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For the vast majority of accounts I received these emails for, none of them had content target enabled. Most of the accounts which use content target did not receive an invite. It looks like Google is trying to bring new advertisers into the content network.
The setup process is very easy. When you create a new campaign, you choose if it's keyword or site target, upload at least one image, pick a display/destination URL, wait for Google to verify it all, and your done.
Note: it is images only - no text ads. The image sizes and terms are the same as image ads.
The next step is picking sites. The process is very easy. The first test I did went very smoothly. A few general topics, and Google picked very appropriate sites. So then, I picked a few keywords which I was hoping would bring up one of my publisher sites (which is pretty niche). However, no matter what I tried, I could not bring up the website. Google was not at all intuitive on this specific keyword.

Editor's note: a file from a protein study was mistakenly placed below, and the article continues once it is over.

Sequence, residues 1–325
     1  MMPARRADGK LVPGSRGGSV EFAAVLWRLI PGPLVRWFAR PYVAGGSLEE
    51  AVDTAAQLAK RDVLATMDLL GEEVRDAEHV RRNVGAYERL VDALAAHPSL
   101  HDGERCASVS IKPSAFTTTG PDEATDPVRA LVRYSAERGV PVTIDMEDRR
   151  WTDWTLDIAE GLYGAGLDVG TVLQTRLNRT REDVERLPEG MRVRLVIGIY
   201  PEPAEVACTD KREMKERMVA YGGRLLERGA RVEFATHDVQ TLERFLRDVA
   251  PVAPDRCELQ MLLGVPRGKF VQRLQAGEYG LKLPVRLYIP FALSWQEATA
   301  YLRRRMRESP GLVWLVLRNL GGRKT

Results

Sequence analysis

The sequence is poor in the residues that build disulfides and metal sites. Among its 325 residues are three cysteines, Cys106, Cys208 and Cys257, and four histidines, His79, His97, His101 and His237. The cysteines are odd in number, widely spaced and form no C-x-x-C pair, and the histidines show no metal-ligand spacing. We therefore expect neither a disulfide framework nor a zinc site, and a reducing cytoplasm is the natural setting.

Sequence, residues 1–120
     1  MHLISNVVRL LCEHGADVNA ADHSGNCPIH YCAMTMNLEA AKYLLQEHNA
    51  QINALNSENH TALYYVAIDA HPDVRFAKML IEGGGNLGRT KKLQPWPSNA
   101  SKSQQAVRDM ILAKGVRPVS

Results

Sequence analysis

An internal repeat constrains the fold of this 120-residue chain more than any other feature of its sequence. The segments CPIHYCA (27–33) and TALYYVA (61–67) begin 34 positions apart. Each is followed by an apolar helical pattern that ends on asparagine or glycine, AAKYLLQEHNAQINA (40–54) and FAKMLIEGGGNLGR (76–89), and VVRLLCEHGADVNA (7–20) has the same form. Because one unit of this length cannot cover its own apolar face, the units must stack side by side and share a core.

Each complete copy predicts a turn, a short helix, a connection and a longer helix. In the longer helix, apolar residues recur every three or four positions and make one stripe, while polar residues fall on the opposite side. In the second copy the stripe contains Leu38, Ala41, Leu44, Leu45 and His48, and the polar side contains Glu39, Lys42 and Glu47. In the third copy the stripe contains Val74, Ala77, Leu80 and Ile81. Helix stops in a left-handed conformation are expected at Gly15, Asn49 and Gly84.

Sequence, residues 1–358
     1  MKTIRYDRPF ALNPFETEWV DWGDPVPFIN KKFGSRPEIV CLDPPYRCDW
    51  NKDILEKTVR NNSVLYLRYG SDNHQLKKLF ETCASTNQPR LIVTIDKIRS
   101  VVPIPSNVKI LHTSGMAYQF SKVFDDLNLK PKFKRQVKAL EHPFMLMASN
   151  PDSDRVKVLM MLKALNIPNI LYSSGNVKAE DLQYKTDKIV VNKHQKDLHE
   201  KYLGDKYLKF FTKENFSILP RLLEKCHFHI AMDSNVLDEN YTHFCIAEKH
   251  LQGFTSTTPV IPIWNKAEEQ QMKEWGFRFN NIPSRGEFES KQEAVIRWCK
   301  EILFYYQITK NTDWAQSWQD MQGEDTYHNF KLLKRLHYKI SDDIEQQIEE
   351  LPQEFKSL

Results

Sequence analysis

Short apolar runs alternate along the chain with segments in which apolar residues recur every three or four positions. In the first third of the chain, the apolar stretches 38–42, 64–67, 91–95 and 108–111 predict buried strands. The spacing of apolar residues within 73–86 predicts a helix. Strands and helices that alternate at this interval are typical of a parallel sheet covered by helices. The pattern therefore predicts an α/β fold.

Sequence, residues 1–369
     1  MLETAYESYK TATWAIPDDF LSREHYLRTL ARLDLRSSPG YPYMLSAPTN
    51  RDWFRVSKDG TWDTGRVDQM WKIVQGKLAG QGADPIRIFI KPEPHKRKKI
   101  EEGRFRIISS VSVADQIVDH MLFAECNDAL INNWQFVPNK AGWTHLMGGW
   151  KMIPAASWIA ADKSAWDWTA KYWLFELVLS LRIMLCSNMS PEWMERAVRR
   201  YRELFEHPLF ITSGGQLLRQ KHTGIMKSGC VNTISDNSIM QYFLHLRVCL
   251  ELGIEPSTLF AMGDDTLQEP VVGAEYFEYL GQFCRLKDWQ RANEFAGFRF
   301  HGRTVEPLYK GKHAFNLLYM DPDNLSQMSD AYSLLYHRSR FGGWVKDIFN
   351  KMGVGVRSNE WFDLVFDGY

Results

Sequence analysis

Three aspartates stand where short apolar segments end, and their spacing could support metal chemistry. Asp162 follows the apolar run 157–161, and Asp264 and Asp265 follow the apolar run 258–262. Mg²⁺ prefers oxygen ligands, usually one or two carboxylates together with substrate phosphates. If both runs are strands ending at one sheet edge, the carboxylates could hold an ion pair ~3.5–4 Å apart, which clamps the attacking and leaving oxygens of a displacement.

However, when I manually added my publisher site to the list of sites, the system refreshed with a very nicely targeted list of sites that I could put my ad. While the keyword selection didn't work - the similar websites sure does.
Bidding was very easy, I just picked a CPM. Not sure in the future if Google will start suggesting CPMs for certain sites or how it'll be handled for multiple bidders.
Pick a daily budget, and your done.